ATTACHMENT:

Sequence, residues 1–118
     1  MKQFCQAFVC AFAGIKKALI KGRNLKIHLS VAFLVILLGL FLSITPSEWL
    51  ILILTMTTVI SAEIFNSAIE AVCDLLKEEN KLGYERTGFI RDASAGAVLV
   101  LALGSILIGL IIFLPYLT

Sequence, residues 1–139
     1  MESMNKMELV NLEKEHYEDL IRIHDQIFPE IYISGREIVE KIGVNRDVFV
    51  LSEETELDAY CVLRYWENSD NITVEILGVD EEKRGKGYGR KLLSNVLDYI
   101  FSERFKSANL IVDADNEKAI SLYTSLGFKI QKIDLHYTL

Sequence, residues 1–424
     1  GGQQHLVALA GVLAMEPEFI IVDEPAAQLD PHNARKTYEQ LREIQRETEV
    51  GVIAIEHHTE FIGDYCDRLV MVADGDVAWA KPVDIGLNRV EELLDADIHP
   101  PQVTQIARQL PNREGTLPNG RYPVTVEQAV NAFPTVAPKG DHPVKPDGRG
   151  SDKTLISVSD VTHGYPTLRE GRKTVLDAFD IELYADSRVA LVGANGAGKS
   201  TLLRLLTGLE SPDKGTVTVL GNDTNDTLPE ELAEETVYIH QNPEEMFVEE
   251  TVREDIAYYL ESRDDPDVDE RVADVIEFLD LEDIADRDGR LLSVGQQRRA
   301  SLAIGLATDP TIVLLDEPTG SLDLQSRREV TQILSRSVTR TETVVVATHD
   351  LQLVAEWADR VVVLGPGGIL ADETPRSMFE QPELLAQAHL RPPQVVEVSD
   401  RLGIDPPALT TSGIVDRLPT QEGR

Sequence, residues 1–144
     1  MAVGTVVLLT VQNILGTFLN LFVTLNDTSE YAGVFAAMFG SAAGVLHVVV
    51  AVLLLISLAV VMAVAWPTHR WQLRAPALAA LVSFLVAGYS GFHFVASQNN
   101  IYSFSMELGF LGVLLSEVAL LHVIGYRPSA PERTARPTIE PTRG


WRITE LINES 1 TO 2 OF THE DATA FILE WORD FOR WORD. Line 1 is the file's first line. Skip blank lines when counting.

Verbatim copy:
Sequence, residues 1–118
     1  MKQFCQAFVC AFAGIKKALI KGRNLKIHLS VAFLVILLGL FLSITPSEWL